Jegede’s emergence caused some furore in his faction, but it was quickly doused. On the other hand, Ibrahim’s emergence from the Sheriff’s faction was like a fait accompli. Those who know Ibrahim are aware of his ruthlessness when it comes to spending money. Since he emerged as a candidate of the Sheriff faction of PDP in the state, he has avoided the public, preferring instead to remain underground where he has been throwing tantrums at real and imaginary enemies.

First, he accused certain officials of INEC of demanding a $1 million bribe from him. That one has been debunked. Then, the big upset came when a court in Abuja came up with the verdict that he was the “rightful” candidate of the PDP and also instructed INEC to acknowledge him as such. That decision overturned the apple cart in the whole political configuration in the state as far as the forthcoming election is concerned.

The matter was made worse, when on Thursday, October 27, 2016 INEC came out with the list of eligible candidates and endorsed Jimoh Ibrahim as the authentic candidate of the PDP. Since that announcement, it is as if hell has been let loose in the state.

Though the announcement must have caught Mimiko napping, he quickly summoned courage and dashed to Abuja, to lay his complaints before the president. He, also, gave a proviso that if the decision was not quickly reversed, his state could go up in “conflagration”. This is the crux of the matter.

After all, there are divisions and schisms in all the other parties, particularly the APC and Alliance for Democracy (AD), in the state, but none has called its supporters out to disrupt the peace and tranquility of the state.


For God’s sake, why should Ondo State go up in flames if Mimiko’s anointed candidate does not contest the election? It is true that Mimiko has recorded some significant achievements in office as governor, but as stated earlier, the goodwill that heralded him into office more than seven years ago, seems to have evaporated.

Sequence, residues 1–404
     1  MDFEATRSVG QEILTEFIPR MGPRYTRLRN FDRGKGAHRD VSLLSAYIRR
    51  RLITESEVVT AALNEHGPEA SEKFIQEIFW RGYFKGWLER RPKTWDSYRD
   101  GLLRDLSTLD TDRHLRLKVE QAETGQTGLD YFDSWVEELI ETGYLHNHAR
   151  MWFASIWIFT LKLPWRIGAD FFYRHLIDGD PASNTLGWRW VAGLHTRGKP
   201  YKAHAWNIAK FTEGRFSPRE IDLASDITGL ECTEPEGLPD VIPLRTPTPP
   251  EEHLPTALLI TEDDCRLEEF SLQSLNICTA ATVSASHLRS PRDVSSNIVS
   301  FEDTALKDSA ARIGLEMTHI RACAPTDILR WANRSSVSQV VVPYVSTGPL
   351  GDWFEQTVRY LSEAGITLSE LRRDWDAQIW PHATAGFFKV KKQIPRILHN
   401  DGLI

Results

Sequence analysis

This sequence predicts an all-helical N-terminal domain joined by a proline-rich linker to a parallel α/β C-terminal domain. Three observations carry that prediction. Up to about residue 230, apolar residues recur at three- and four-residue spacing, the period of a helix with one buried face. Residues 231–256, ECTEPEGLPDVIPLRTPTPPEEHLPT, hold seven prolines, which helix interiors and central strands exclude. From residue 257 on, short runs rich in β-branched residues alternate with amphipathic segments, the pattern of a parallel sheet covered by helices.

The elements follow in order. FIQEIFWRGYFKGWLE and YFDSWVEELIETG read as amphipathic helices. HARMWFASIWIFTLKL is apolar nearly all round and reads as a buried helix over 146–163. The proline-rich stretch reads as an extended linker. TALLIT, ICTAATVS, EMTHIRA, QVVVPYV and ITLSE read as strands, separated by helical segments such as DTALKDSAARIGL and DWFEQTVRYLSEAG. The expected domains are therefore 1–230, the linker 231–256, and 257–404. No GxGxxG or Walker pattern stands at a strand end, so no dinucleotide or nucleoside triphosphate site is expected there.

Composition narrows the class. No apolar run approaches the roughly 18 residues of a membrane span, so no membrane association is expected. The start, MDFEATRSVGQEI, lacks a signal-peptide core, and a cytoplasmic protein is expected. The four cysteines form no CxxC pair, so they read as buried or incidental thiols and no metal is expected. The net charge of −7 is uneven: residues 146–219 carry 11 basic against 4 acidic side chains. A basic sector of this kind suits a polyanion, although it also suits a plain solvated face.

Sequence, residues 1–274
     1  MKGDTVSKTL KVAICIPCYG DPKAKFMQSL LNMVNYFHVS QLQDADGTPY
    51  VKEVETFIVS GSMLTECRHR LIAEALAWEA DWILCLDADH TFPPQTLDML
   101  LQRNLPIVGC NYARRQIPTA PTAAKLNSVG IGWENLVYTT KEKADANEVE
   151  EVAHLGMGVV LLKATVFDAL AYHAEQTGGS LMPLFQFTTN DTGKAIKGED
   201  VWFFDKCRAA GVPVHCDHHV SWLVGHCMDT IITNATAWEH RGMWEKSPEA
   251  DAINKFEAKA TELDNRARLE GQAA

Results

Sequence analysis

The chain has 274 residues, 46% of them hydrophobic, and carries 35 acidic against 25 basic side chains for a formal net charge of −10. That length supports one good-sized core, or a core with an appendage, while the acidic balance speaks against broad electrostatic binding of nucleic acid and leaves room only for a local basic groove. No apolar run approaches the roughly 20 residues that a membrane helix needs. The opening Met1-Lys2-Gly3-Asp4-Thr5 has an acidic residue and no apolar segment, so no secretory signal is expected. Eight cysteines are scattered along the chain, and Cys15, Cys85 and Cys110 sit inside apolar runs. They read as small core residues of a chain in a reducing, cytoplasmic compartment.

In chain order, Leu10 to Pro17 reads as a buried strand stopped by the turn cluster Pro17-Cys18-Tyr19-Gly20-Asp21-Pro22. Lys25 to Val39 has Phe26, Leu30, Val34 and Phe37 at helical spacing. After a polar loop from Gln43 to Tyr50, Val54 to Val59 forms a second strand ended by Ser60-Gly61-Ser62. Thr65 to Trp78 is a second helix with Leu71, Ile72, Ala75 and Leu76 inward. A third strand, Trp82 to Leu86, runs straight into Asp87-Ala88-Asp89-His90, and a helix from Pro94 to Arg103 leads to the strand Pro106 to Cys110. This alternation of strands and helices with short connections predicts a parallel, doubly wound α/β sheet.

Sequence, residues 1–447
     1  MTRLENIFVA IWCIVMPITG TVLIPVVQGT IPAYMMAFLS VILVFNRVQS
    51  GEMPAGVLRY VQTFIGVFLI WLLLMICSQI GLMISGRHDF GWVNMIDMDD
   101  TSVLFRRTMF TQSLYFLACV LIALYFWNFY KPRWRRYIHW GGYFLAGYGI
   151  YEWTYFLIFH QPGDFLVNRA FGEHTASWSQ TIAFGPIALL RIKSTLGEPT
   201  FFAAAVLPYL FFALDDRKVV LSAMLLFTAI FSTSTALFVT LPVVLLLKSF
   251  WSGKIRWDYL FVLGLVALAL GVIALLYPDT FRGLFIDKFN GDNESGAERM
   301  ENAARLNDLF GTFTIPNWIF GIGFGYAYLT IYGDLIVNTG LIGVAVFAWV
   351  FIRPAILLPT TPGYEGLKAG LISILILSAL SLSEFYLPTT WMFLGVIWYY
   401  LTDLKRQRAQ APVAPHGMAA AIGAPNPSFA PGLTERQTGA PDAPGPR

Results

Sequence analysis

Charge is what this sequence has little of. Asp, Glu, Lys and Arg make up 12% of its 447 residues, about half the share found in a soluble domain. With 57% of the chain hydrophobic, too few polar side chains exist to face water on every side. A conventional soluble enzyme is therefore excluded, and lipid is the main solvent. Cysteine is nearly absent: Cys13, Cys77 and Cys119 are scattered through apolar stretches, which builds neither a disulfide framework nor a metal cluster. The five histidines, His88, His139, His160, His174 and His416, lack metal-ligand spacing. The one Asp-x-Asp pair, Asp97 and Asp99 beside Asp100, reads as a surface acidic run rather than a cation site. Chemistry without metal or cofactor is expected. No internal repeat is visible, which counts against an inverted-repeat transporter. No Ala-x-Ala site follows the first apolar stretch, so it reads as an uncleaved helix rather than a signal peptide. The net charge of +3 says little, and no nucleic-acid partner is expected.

Ibrahim may have been an interloper in PDP, but what is happening in the larger PDP today and particularly in Ondo State is the handiwork of Mimiko. He, it was, who teamed up with the likes of Ayo Fayose and Nyesom Wike of Rivers State and brought Ali-Modu Sheriff to the party as interim chairman. Now, Sheriff has proved too artful for all of them to handle and instead of presiding over a united party, he is doing the job of an undertaker.

Initially, according to reports, the trio — Mimiko, Fayose, and Wike — were all engaged in a war of attrition trying to outdo one another to gain Sheriff’s favour and possibly become a running mate to him if his ambition to become the presidential candidate of the PDP in 2019 materialises. At least, that was the permutation and game plan. Now, that plan has fallen flat on its face.

Jimoh Ibrahim may have played a crude, crooked and smart one on Mimiko and the PDP, but, by and large, what is happening is an internal problem of the PDP, which should not be magnified into a state-wide conflagration. The truth is that it is a faction of the PDP in the state that is beating the drums of war and stoking the fire from beneath. It is now left for the security agents to do their jobs.

After all, there are divisions and schisms in all the other parties, particularly the APC and Alliance for Democracy (AD), in the state, but none has called its supporters out to disrupt the peace and tranquility of the state.

As it is, except the court reverses itself, INEC may not be able to save the PDP. And just like Justice Ignatius Agube, a justice of the Appeal Court observed last week, the party’s failure to internalise democracy within its fold over the years was the cause of its problems. Indeed, almost all the political parties operating in Nigeria today are guilty of this anomaly. The earlier the parties put their houses in order, the better for democracy in Nigeria.